Frank W. Abagnale has come a long way. Between the ages of 16 and 21, he posed as an airline pilot, an attorney, a college professor and a pediatrician while cashing $2.5 million in fraudulent checks in every state and 26 countries.

After serving time in France, Sweden, and the United States, Abagnale was offered a position working with the FBI to investigate document fraud.

Today, Abagnale is one of the world’s foremost authorities on forgery, embezzlement, and secure documents continuing to collaborate with the FBI for the past 37 years.

“Technologies are incredible, but we must be taught how to use them properly.”

Understanding technology

“Me stealing your identity is like asking me to count to three,” he said. “It’s that simple.”

He uses the example of Facebook. Most people display their birth date and hometown, which is key information for someone looking to steal your identity.

“Technologies are incredible,” he said. “But we must be taught how to use them properly.”

Abagnale recommends never putting your place of birth or date of birth on your Facebook profile and to opt for a group photo and never a face frontal picture as your profile photo, to avoid facial recognition software.

He also stresses some timely advice: Be careful of what you write on your Facebook or other social media accounts. Once it’s online, it’s there forever.

“Is an employer going to hire you if there’s a picture of you drunk on the beach with drug paraphernalia?” he asked. “You have to be naïve to think privacy settings will help you.”

Abagnale offers three tips anyone can do to protect their privacy and identity.

Reducing your risk

First off, he suggests purchasing a proper shredder. There are three different types of shredders, he says, but the ones most people use are ‘worthless.’ Documents shredded using a strip-cut shredder or cross-cut shredder can be put back together in an FBI lab in a matter of hours. Abagnale stressed the importance of buying a “security micro cut shredder,” which turns paper into confetti.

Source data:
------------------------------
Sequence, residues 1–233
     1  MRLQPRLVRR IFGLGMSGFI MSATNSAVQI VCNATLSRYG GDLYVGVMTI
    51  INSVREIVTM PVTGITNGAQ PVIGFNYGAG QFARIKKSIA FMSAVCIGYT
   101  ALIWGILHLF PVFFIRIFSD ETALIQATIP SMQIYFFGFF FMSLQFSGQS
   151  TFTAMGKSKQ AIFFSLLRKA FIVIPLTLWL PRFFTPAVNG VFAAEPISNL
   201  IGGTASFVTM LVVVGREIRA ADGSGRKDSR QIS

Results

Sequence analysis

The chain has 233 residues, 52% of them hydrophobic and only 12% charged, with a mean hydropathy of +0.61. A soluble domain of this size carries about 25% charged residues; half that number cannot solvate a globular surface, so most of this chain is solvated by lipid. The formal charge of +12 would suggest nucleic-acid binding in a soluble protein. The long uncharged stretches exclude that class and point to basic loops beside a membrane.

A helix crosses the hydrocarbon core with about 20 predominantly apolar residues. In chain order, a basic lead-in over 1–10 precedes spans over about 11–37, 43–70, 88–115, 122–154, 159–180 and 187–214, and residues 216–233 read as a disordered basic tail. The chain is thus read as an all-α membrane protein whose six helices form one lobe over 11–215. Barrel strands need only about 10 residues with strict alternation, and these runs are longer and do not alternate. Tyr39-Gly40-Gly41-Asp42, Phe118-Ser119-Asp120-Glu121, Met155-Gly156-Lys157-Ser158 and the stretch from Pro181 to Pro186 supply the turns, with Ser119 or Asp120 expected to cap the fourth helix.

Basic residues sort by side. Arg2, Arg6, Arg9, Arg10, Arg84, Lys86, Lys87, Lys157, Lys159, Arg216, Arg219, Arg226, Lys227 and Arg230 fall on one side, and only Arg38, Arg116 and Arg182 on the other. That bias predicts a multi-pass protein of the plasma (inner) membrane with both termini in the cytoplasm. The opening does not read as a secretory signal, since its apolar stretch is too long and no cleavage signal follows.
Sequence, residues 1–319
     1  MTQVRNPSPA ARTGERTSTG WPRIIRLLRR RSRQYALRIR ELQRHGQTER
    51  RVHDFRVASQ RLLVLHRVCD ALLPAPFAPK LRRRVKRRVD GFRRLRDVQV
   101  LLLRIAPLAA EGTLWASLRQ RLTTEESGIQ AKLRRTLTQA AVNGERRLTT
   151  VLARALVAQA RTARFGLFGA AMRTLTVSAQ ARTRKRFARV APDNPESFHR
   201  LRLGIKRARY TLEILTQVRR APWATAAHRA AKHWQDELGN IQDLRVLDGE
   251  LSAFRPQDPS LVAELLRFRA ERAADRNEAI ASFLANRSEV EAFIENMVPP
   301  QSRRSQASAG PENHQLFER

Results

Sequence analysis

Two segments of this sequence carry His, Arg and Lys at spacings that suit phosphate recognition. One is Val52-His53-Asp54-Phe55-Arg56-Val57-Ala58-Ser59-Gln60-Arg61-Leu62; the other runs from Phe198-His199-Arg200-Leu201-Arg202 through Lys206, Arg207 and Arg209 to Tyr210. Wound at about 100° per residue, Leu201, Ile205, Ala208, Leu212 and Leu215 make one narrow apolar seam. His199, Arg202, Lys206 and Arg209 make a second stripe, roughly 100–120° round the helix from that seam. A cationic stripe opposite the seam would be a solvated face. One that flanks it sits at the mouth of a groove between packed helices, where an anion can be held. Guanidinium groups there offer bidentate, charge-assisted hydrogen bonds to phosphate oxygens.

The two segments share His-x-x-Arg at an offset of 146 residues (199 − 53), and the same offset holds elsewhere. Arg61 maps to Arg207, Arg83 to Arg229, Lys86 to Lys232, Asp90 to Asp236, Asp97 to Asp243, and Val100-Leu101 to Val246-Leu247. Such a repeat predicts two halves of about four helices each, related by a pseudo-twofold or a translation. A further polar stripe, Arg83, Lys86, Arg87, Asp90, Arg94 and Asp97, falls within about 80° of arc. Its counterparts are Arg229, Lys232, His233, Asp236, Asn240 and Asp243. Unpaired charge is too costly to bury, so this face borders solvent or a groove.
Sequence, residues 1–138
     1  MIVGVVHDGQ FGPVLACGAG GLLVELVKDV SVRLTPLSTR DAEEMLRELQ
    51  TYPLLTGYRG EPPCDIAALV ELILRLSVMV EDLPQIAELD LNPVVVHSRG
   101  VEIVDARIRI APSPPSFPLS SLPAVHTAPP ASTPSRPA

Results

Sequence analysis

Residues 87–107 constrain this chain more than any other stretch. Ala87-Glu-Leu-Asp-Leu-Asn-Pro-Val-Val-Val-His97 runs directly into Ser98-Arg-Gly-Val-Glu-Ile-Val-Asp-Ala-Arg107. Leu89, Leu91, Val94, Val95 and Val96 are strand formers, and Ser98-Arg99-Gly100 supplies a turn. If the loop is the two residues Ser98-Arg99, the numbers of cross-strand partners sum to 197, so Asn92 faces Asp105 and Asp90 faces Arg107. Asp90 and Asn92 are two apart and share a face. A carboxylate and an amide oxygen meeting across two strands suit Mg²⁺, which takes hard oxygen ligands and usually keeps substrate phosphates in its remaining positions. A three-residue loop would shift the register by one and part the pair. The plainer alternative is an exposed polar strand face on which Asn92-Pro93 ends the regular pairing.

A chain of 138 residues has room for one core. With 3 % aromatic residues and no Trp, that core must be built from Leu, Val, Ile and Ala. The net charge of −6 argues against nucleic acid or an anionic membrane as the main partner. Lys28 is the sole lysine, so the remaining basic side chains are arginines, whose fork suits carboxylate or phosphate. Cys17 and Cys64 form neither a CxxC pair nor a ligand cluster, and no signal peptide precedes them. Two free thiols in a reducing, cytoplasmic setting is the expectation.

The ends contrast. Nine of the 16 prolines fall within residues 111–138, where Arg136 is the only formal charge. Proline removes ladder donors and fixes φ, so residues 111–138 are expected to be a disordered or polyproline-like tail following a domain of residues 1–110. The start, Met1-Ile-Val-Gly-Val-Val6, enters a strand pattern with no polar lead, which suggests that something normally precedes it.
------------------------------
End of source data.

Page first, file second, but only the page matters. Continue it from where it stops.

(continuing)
Secondly, Abagnale explains, when picking a credit monitoring service it is important to vet them and ask two basic questions. First, ask if they monitor all three credit bureaus. Second, if they notify you in real time.

“When someone’s at Macy’s buying something in my name, I want my cell phone to go off right then so I can be proactive.”

“When someone’s at Macy’s buying something in my name, I want my cell phone to go off right then so I can be proactive,” he said.

Finally, Abagnale does not use a debit card, which he calls “the worst financial tool that’s been developed.” The safest form of payment is a credit card. Every day he spends the credit card company’s money while his money is in a money market account collecting interest.

“If someone gets my number and charges $1 million on my credit card, by federal law I have no liability,” he said. “When I pay my bill every month, my credit score goes up. Every time you use a debit card, you expose your money and you get nothing in return.”

Abagnale has come a long way since his check fraud days. As the subject of a book, movie (Catch Me If You Can starring Leonardo DiCaprio), and play, Abagnale is in the perfect position to use his experience for the common good.

“Technology has made what I did, a thousand times easier”, Abagnale warns, a constant reminder to guard your digital information closely.

Frank Abagnale Interview: